Most of us are looking pretty scruffy right about now since most hairdressers and barbers have shut down amid efforts to contain the coronavirus. But one barber has decided to ignore city rules demanding social distancing by giving haircuts along a Brooklyn street.

Now that residents are more than a month into a full shut down of the city, many people are running out of patience, hoping the city will open back up so that life can resume. 

A short clip shows an unidentified barber taking clients on Ocean Parkway between Brighton Beach and Ocean View avenues while wearing a mask and gloves, The New York Post reported

New York Gov. Andrew Cuomo indefinitely shut down all hair care establishments on March 21.

“Effective March 21, 2020, at 8 p.m. and until further notice, all barbershops, hair salons, tattoo or piercing parlors and related personal care services will be closed to members of the public. This shall also include nail technicians, cosmetologists and estheticians, and the provision of electrolysis, laser hair removal services, as these services cannot be provided while maintaining social distance,” Cuomo wrote in an executive order. 

This is not the first time a barber has disobeyed city rules by giving out haircuts. On April 19, cops busted up a huge party being held at a barbershop, Spectrum News reported. More than 50 people were inside eNVee Barbershop when the event was shut down by police.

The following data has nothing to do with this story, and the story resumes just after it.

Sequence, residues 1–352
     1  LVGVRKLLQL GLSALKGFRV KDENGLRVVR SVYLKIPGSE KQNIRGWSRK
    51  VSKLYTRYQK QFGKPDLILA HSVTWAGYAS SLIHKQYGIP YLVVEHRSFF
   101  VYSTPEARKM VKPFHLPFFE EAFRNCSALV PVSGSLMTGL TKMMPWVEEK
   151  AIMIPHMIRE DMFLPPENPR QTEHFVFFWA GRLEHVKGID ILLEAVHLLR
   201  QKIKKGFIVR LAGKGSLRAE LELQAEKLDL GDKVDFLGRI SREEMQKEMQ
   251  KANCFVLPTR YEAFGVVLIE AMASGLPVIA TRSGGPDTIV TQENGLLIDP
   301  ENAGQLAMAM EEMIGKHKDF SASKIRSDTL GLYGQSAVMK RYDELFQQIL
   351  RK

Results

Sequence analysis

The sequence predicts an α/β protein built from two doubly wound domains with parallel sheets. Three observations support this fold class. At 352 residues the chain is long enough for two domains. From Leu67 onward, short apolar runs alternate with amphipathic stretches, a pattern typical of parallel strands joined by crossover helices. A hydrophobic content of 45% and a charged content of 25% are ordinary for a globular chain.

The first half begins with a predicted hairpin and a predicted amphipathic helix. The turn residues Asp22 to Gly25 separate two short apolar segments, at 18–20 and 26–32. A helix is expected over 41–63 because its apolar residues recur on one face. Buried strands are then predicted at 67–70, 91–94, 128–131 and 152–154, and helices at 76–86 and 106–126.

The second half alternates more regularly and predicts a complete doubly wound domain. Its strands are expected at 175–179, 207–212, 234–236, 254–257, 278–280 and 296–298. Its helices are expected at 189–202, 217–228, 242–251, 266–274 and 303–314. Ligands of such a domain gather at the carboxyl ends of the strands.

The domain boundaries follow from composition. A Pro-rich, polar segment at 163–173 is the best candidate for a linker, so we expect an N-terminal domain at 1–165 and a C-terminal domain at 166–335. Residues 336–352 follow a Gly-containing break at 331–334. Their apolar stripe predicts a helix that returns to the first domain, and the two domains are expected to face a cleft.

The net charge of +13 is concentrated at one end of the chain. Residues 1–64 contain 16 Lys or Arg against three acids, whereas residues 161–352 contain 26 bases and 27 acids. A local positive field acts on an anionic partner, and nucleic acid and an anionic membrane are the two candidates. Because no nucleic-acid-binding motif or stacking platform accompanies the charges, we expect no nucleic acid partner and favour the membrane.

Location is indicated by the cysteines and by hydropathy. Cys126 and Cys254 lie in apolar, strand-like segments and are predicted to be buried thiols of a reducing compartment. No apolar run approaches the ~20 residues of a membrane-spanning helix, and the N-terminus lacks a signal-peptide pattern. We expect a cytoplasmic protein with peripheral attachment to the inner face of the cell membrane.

“What you expect? People are stuck inside their house on Saturday night. They want to go out and they can’t. It’s stressful,” one neighborhood resident told The New York Post. 

Thousands of barbers across the country are struggling to stay afloat as shutdowns continue. Although some states like Texas and Georgia have allowed barbershops to reopen, most states are not allowing hair care enterprises to open their doors, forcing barbers to make tough decisions. 

Multiple barbers told CNN Business that they were making house calls, despite the danger of the virus. But Black barbers face a tough choice. While businesses in cities like Atlanta have decided to reopen, others are fearful about potentially spreading a virus that has been particularly deadly in the Black community. 

“These barbers, they’re risking their lives, but they’re doing fine. You going to die from infection or you going to die from starvation?” said Dennis Mitchell, the 54-year-old owner of Denny Moe’s Superstar Barbershop in Harlem, New York.

Mitchell went on to explain that he, like many Black barbershop owners, cannot apply for a loan from the federal government because all of his employees are technically independent contractors, meaning he does not have enough employees to qualify for the Paycheck Protection Program loan.

"It's kind of bone-chilling. I have an apartment I have to pay for as well and people who depend on me to put food on the table. … A lot of [Black business owners] are not going to come back from this," Mitchell told CNN Business.